Today is a federal holiday in the USA -- the day the United States joins with much of Latin America and the Caribbean countries to officially celebrate the arrival of Cristoforo Colombo, or as we call him, Christopher Columbus, in the 'new world' on October 12, 1492.
Columbus was so unreasonable, so obstinate in his views, that the reason the United States of America isn't called Columbia is that against all evidence to the contrary he insisted to his dying day that he'd found India. Thus, the honor of having the new world named after him passed to another great explorer, Amerigo Vespucci, who reasonably argued that Columbus had landed on a continent previously unknown to Europeans, not the shores of India.
Yet Christopher Columbus had so many gifts that to attempt to describe him in a few words is out of the question. He also possessed the epic courage and insatiable curiosity about the world that marked the greatest sailors and explorers of his day, which I pay tribute to with this excerpt from Wikipedia's article about him:
On 5 December 1502, Christopher Columbus and his crew found themselves in a storm unlike any they had ever experienced. In his journal Columbus writes:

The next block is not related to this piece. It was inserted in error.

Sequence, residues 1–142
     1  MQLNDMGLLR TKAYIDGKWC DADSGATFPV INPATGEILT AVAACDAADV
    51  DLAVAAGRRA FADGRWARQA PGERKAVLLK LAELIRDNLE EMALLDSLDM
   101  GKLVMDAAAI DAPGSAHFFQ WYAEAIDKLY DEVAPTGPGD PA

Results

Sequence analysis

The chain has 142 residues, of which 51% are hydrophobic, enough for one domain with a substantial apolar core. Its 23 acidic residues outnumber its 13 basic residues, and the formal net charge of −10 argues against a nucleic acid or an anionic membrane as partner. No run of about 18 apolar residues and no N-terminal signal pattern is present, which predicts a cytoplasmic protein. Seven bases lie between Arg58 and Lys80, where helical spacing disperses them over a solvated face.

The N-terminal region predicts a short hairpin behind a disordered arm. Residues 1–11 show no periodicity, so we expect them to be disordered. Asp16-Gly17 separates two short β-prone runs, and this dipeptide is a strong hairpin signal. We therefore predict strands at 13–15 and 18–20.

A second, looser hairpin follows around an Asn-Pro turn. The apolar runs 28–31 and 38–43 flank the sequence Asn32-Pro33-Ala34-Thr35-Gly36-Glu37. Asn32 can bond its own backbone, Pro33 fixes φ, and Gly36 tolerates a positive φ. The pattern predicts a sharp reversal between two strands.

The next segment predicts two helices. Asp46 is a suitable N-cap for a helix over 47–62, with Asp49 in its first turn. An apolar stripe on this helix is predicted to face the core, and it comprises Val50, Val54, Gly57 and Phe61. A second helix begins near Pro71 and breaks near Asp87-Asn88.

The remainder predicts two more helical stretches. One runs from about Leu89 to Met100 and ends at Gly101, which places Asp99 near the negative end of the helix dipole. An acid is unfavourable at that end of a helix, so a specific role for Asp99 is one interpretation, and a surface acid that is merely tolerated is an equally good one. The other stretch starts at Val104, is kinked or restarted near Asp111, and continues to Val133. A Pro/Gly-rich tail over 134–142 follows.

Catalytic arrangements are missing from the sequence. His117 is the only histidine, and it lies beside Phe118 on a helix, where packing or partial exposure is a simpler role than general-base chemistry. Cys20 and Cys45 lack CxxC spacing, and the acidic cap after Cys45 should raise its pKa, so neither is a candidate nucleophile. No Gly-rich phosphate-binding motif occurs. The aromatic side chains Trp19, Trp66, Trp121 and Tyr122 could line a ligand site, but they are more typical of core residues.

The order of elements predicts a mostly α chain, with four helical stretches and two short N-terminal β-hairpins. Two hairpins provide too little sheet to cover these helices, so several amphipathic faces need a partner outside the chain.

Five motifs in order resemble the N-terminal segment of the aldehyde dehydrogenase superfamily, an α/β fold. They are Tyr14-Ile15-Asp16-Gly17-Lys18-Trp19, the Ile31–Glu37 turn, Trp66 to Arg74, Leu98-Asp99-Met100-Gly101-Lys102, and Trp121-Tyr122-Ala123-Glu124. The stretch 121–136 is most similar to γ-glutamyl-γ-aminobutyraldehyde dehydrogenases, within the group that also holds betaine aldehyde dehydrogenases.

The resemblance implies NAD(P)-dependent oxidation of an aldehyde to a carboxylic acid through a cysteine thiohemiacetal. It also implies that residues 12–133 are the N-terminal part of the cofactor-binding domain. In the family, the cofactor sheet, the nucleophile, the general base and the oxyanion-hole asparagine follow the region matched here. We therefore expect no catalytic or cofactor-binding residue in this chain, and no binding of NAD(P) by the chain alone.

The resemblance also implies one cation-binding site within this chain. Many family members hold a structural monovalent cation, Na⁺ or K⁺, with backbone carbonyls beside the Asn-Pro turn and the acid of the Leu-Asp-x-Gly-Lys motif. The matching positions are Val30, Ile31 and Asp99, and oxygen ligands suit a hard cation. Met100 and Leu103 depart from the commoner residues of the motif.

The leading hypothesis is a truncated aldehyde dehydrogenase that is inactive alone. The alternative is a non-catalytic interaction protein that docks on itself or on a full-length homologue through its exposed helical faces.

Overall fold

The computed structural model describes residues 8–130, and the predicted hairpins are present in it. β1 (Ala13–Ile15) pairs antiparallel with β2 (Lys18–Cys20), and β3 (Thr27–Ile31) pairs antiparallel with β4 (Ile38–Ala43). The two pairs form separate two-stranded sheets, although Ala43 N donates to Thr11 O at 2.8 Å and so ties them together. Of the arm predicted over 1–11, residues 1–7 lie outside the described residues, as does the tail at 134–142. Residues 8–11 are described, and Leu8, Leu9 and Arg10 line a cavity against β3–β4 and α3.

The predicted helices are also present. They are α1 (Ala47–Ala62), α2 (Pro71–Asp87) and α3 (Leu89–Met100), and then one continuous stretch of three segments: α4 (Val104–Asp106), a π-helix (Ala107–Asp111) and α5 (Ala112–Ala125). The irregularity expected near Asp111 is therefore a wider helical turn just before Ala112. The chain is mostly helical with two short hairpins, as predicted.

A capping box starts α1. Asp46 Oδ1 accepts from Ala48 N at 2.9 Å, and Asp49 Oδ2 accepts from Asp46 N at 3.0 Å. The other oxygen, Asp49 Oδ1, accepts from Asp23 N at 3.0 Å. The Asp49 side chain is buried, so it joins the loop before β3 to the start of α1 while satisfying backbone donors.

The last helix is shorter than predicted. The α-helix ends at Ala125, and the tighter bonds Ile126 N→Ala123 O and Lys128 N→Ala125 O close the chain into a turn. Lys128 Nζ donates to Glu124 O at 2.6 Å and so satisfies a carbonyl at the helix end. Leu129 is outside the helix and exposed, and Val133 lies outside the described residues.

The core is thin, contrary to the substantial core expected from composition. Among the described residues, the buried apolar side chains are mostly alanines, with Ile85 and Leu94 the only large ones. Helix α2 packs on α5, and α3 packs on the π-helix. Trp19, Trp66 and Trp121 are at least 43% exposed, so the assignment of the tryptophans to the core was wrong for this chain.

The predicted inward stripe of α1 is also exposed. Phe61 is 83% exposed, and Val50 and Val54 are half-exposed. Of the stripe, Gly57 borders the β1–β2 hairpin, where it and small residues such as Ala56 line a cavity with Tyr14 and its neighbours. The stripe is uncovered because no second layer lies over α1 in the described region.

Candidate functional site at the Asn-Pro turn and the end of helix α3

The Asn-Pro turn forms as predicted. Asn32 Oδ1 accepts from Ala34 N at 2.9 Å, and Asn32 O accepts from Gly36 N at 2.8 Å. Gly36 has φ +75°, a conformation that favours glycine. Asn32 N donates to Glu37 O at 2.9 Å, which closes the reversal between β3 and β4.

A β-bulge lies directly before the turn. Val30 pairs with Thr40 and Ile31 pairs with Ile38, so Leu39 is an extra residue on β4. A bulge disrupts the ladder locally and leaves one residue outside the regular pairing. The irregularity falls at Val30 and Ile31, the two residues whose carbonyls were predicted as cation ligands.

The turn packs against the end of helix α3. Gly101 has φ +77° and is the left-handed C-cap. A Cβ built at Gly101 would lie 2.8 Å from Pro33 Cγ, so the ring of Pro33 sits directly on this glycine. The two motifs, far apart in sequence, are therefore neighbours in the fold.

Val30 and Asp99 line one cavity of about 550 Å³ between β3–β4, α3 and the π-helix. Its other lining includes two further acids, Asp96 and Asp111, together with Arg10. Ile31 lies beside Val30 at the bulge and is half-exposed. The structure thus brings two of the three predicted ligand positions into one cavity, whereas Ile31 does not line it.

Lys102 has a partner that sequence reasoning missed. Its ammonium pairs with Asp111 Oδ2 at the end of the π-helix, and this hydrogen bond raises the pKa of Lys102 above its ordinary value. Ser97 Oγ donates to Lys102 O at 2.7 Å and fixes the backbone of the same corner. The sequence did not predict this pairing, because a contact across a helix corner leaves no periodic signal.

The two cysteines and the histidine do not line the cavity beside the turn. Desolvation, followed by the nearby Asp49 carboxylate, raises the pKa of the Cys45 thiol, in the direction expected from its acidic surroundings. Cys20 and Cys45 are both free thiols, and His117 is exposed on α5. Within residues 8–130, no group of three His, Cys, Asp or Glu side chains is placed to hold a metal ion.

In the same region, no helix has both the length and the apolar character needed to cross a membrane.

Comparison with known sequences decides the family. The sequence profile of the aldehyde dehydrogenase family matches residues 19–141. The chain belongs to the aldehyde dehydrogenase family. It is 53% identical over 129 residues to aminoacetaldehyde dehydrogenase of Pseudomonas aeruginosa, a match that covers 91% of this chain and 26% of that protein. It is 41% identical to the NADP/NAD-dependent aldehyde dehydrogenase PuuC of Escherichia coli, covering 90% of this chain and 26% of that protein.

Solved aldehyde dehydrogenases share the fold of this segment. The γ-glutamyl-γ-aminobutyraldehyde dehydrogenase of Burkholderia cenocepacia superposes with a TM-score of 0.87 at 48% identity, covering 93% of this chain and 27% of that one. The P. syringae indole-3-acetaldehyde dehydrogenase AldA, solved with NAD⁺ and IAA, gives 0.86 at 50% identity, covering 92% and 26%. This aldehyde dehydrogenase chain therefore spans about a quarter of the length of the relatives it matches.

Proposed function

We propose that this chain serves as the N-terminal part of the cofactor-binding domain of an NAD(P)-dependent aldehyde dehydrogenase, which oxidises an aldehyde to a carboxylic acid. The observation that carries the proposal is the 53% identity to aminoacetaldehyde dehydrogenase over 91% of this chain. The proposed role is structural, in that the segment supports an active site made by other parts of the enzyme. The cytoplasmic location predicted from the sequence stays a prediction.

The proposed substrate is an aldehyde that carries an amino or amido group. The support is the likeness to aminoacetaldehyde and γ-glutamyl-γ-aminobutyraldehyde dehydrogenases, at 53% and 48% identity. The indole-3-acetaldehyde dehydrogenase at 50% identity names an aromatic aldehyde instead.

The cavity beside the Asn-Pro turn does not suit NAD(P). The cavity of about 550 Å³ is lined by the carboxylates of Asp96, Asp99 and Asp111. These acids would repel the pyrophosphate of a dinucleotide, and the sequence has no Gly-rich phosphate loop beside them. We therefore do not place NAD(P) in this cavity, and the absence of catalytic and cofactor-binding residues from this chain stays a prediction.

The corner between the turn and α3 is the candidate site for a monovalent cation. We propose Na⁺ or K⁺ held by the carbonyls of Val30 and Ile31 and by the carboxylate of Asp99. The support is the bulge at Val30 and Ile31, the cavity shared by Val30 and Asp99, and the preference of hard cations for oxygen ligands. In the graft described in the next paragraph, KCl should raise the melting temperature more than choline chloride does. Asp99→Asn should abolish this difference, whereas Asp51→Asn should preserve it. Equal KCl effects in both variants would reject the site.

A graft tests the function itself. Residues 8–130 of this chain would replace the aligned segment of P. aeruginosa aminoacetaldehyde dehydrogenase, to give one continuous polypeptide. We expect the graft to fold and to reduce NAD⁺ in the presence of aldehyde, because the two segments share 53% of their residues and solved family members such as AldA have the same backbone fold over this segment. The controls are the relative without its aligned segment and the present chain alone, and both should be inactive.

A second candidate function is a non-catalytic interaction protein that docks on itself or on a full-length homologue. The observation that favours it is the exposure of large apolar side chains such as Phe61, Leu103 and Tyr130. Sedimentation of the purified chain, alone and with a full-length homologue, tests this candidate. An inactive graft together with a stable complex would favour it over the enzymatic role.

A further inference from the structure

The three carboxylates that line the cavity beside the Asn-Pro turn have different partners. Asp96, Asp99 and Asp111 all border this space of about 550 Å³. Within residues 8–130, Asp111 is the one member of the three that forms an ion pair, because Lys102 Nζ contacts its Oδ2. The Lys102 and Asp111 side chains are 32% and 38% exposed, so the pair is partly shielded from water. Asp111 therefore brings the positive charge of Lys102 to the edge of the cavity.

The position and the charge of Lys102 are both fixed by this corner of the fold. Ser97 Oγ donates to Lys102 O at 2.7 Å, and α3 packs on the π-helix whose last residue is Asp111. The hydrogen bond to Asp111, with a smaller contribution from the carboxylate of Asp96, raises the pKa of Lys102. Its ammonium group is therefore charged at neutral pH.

"For nine days I was as one lost, without hope of life. Eyes never beheld the sea so angry, so high, so covered with foam. The wind not only prevented our progress, but offered no opportunity to run behind any headland for shelter; hence we were forced to keep out in this bloody ocean, seething like a pot on a hot fire. Never did the sky look more terrible; for one whole day and night it blazed like a furnace, and the lightning broke with such violence that each time I wondered if it had carried off my spars and sails; the flashes came with such fury and frightfulness that we all thought that the ship would be blasted. All this time the water never ceased to fall from the sky; I do not say it rained, for it was like another deluge. The men were so worn out that they longed for death to end their dreadful suffering."